Director: Julie Anne Robinson
Starring: Katherine Heigl, Jason O’Mara, Daniel Sunjata, John Leguizamo, Debbie Reynolds
Written by: Stacy Sherman, Karen Ray, Liz Brixius and (novel) Janet Evanovich
Running Time: 91 mins
Original cert: 12A
Original UK release: 24th February 2012
I am a sucker for private eye or bounty hunter movies. The whole style in which they are made, with the narrative voice-over from the P.I, just in case you miss something. Most of them are exciting and interesting. One For The Money is neither. In fact, it’s an unholy mess of a movie, never knowing what it wants to be.
Samantha Plum is unemployed and newly divorced. She needs a job desperately and so, with no experience whatsoever, goes to her cousin’s bail bond and soon becomes a skip tracer, a bounty hunter specialising in those who jumped bail. Her first job is to track down and bring in cop she once had a fling with, who is wanted for murder. Having no knowledge of the job and not exactly the toughest girl in town, Plum soon finds that it’s not so easy to capture a man who doesn’t want to be caught, especially as he is desperate to prove his innocence.
Based on the first of a series of books by Janet Evanovich, this has all the right ingredients of being an interesting series, if only it had been given over to a better director and cast with a stronger lead. British director Julie Anne Robinson, who cut her teeth on British TV shows like Holby City, struggles with the material, never sure where to aim it. Yes, it has comic intentions but it’s not funny. It longs to be a detective thriller but isn’t that thrilling and it lacks any action (apart from a few shootings and a car explosion). So it jumps from trying to be funny (we know there’s a joke because of the long pauses and the comic inspired music) to seriousness to a shoot-out, leaving the audience cold to the whole thing.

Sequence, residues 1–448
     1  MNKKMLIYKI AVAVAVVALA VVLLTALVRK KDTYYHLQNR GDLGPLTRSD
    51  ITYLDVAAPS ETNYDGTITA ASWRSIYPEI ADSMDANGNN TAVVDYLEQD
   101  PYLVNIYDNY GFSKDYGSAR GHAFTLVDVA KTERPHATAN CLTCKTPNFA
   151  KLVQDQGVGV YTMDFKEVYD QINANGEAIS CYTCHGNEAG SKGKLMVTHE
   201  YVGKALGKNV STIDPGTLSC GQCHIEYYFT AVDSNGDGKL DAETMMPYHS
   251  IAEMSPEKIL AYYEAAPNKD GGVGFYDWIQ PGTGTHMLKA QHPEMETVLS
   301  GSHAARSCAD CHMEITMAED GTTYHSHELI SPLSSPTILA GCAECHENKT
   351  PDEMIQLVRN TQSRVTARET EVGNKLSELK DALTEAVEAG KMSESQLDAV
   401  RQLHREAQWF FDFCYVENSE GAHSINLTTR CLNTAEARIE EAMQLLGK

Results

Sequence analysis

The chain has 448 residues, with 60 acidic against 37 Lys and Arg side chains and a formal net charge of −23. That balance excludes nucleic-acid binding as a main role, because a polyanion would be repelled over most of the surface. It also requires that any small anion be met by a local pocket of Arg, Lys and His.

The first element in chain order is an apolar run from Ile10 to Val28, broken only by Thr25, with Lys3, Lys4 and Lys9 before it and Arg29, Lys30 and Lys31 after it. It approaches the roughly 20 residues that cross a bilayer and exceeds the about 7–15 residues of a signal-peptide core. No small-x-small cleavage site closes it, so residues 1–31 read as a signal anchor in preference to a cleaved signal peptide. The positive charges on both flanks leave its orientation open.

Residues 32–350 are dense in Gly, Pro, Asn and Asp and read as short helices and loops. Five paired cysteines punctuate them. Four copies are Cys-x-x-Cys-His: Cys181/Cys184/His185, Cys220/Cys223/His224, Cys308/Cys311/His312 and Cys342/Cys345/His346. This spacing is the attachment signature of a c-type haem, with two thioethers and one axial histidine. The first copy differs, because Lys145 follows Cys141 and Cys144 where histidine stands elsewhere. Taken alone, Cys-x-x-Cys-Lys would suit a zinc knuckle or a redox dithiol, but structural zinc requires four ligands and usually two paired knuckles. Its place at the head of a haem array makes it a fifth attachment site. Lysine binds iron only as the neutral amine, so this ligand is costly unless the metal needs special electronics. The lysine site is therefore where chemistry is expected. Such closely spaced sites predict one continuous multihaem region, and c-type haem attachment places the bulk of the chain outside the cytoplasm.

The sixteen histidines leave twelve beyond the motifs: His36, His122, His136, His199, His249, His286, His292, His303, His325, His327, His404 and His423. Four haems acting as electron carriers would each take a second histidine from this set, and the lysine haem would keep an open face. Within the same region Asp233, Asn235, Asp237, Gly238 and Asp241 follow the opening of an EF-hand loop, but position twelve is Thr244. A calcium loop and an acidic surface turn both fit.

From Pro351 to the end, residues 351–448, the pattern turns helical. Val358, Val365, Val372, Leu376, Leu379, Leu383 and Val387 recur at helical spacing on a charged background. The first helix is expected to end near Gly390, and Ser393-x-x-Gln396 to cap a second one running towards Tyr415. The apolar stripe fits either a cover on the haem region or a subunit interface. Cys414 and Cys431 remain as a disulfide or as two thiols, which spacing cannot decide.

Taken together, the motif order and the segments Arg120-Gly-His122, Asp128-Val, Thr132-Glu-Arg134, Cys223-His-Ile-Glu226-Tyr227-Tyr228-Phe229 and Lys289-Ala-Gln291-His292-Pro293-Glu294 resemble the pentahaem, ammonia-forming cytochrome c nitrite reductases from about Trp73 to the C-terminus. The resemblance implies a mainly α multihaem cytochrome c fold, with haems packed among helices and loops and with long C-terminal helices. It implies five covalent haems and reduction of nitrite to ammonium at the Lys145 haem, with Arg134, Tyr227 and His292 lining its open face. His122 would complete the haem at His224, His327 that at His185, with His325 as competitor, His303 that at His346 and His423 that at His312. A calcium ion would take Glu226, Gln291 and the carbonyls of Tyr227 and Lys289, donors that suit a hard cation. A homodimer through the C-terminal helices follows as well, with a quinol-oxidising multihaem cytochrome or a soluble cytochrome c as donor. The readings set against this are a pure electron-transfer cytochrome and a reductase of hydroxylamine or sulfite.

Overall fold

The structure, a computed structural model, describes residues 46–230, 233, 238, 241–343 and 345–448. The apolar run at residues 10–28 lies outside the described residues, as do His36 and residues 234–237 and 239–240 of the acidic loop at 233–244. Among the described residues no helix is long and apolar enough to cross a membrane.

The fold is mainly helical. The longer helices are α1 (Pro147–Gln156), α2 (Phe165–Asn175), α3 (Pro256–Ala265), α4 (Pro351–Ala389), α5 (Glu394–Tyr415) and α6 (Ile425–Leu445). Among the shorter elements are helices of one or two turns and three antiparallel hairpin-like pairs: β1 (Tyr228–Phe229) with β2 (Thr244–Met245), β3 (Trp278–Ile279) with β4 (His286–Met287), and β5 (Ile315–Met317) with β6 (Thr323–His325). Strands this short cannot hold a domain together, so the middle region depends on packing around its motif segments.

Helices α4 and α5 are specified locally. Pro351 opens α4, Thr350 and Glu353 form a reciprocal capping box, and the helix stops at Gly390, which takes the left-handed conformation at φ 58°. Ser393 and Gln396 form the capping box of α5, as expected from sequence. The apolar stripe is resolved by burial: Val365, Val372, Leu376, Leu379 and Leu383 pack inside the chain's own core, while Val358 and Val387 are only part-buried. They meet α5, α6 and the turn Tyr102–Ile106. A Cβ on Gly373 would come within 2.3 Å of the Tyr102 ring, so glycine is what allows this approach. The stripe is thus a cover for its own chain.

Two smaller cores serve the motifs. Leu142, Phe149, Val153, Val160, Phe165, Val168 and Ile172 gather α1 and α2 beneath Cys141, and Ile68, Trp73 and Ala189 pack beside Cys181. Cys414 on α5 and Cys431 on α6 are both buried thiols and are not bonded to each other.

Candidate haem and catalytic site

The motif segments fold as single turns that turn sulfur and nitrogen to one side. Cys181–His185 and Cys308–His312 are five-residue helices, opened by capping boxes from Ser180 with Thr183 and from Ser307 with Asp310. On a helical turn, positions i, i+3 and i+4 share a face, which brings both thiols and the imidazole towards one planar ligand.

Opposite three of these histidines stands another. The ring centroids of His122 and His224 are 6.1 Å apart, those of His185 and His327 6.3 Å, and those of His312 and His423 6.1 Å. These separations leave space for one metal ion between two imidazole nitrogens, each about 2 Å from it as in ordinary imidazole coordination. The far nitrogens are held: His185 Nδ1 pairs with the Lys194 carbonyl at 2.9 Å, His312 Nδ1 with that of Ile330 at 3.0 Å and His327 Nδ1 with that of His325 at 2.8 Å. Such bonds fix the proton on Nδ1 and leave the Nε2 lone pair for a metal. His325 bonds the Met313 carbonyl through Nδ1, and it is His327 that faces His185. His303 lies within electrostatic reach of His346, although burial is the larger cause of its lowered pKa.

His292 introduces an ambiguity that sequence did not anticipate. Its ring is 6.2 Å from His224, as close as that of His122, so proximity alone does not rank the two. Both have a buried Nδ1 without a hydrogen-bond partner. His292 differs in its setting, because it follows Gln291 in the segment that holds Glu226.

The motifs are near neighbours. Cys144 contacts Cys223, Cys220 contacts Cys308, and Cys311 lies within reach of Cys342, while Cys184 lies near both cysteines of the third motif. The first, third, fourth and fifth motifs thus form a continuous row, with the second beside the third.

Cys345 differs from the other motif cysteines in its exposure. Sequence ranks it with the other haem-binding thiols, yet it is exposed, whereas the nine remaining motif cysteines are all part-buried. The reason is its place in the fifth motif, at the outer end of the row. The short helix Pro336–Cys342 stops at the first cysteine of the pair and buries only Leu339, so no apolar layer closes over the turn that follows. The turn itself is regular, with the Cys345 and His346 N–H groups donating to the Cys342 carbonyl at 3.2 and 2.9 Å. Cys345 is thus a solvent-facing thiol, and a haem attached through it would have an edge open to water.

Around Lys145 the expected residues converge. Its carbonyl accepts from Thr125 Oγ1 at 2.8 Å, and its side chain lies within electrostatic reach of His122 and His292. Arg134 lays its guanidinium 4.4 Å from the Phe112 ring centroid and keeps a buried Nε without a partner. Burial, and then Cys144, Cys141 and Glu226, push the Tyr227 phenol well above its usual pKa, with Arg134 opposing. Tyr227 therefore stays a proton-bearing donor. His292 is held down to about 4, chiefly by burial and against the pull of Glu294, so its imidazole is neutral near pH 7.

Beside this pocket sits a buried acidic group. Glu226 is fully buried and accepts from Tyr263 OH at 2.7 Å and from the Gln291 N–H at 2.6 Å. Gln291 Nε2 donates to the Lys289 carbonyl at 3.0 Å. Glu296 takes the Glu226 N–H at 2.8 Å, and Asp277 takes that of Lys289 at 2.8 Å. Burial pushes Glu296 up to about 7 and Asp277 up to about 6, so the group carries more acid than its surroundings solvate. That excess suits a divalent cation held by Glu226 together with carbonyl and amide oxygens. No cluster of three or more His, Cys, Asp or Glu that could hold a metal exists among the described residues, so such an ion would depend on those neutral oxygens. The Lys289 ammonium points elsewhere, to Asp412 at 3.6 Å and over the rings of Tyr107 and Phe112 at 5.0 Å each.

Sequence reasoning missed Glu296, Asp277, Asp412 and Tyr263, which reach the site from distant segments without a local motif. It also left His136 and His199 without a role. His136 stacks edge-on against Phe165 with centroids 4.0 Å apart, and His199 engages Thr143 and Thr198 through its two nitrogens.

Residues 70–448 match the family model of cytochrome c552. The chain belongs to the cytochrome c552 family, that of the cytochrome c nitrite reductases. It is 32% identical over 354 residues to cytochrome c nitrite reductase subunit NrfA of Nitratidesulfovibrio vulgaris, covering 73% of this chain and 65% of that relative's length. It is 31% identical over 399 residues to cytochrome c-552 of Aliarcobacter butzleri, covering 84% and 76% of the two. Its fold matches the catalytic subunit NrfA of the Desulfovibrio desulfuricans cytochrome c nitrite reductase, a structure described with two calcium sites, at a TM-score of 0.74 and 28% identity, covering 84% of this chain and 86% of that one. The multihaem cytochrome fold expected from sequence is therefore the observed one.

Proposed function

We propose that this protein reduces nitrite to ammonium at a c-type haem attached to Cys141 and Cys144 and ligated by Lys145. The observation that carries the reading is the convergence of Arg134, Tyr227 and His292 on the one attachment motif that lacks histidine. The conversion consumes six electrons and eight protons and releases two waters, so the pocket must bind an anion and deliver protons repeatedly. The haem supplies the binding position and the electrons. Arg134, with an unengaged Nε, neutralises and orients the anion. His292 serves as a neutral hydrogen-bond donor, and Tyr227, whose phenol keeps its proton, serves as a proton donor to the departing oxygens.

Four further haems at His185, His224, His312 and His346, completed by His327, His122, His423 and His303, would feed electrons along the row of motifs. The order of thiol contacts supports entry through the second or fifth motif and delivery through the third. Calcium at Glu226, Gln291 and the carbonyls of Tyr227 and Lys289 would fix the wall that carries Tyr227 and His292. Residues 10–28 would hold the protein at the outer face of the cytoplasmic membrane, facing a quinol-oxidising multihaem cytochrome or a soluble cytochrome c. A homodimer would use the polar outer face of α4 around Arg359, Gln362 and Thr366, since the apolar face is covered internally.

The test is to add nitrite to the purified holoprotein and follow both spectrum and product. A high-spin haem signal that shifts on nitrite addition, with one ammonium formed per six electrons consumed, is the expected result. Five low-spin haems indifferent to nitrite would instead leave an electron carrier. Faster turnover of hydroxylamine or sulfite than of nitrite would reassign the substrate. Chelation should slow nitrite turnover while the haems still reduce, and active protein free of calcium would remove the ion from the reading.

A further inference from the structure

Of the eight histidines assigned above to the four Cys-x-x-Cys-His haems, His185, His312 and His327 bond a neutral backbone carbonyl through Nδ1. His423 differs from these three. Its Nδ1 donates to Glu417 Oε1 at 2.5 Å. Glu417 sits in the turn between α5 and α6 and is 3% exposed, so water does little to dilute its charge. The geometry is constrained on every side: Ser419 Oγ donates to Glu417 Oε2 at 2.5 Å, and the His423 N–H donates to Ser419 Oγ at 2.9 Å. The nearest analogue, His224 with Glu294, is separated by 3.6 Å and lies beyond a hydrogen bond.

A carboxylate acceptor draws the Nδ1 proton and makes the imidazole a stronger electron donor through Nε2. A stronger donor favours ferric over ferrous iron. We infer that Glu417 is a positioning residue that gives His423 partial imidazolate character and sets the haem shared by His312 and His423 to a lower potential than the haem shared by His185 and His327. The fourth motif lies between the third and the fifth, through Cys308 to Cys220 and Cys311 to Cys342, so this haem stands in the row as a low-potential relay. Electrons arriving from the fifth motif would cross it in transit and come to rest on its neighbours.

The characters are sketched more than drawn. Katherine Heigl is, without a doubt, a very attractive woman but she struggles carrying a movie. Having lead romantic comedies (that fell flat on their faces), she now wants an image change but as Samantha, she still thinks she’s in a fluffy rom-com. Her Boston accent also roams around the USA and you finally realise that looking good isn’t necessarily qualification for being a strong enough lead.
There’s two hunks for the ladies to enjoy in the form of Jason O’Mara as the cop on the run and Daniel Sunjata as the cop who occasionally comes to her rescue. Even though they supply the action, their main function for their existence in this film is for Plum to debate who she likes while saving her every five minutes.
Even the legend Debbie Reynolds fails to be given anything but the usual stock dotty grandma who doesn’t either understand who who will shoot a cooked chicken, another comedy gem.
The real trouble here is nothing ever rings true. Even if you were so desperate for a job, would you honestly walk into a bail bond store and ask to be a bounty hunter without any training or research. Even I know that criminals who jump bail aren’t going to go “sure, I’ll return with you because you look pretty!” I am also sure that there are some beautiful bounty hunters out there but you’re not going to wander around with the tightest pair of jeans, skimpy t-shirt and high boots to grab a crook!
At 91 minutes, it’s thankfully short but Heigl has to do something else with her movie career. Sure, she was fine in Knocked Up but has really struggled since then. This doesn’t help the cause. In fact it only makes matter worse and even after the equally disastrous, yet similar Bounty Hunter with that other struggling actress, Jennifer Aniston, female playing tough have taken several steps backwards from the days of Sigourney Weaver as Ripley in Alien. Now they have to be kooky and cute. Sorry ladies, it don’t cut it.
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